Article  CAS  Google Scholar 

  14. Richter JD. CPEB: a life in translation. Trends Biochem Sci. 2007;32:279–85.

    Article  CAS  Google Scholar 

  15. Hake LE, Richter JD. CPEB is a specificity factor that mediates cytoplasmic polyadenylation during Xenopus oocyte maturation. Cell. 1994;79:617–27.

    Article  CAS  Google Scholar 

  16. Merkel DJ, Wells SB, Hilburn BC, Elazzouzi F, Pérez-Alvarado GC, Lee BM. The C-terminal region of cytoplasmic polyadenylation element binding protein is a ZZ domain with potential for protein-protein interactions. J Mol Biol. 2013;425:2015–26.

    Article  CAS  Google Scholar 

Download references


The authors thank all of the participants involved in this study.


This study was supported by grants from the National Key Research & Developmental Program of China (2017YFC1001100), the National Natural Science Foundation of China (81571406, 81522018, 81771541, and 31601198), the Science Foundation for Distinguished Young Scholars of Shandong (ZR201702150261), and the Key Research and Development Plan of Shandong Province (2018GSF118219).

Author information

Authors and Affiliations



T.G. and Y. Q collected participants’ samples and clinical data. W.J., R. L and T. G performed the qPCR and statistical analysis under the guidance of S.Z. and Y.Q. T.G. and W.J. wrote the manuscript under the supervision of Y.Q. All authors contributed to this work, discussed the results, and critically reviewed and revised the manuscript. The author(s) read and approved the final manuscript.

Corresponding authors

Correspondence to Ting Guo or Yingying Qin.

Ethics declarations

Competing interests

The authors declare that they have no competing interests.

Additional information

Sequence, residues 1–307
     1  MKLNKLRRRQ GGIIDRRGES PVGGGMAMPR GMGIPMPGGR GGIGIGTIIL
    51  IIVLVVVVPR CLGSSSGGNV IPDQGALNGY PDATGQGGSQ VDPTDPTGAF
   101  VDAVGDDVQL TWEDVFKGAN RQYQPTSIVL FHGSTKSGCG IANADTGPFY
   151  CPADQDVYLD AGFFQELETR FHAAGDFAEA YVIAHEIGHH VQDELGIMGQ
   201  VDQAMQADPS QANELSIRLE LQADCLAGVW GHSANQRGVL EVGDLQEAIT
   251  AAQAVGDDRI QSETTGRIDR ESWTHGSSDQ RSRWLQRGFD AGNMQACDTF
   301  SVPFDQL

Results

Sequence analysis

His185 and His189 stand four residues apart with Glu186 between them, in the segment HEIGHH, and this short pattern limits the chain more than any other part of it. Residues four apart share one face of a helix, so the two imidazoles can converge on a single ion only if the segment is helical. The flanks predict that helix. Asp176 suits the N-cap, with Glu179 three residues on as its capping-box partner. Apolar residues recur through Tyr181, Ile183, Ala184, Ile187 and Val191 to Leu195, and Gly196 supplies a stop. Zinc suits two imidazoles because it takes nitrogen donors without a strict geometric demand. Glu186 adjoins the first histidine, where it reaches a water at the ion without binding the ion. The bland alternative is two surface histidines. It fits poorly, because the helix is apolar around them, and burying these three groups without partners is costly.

Publisher’s Note

Springer Nature remains neutral with regard to jurisdictional claims in published maps and institutional affiliations.

Rights and permissions

Open Access This article is licensed under a Creative Commons Attribution 4.0 International License, which permits use, sharing, adaptation, distribution and reproduction in any medium or format, as long as you give appropriate credit to the original author(s) and the source, provide a link to the Creative Commons licence, and indicate if changes were made. The images or other third party material in this article are included in the article's Creative Commons licence, unless indicated otherwise in a credit line to the material. If material is not included in the article's Creative Commons licence and your intended use is not permitted by statutory regulation or exceeds the permitted use, you will need to obtain permission directly from the copyright holder. To view a copy of this licence, visit The Creative Commons Public Domain Dedication waiver ( applies to the data made available in this article, unless otherwise stated in a credit line to the data.

Reprints and permissions

About this article

Check for updates. Verify currency and authenticity via CrossMark

Cite this article

Jiao, W., Zhao, S., Liu, R. et al. CPEB1 deletion is not a common explanation for premature ovarian insufficiency in a Chinese cohort. J Ovarian Res 13, 49 (2020).

Download citation

  • Received:

  • Accepted:

  • Published:

  • DOI: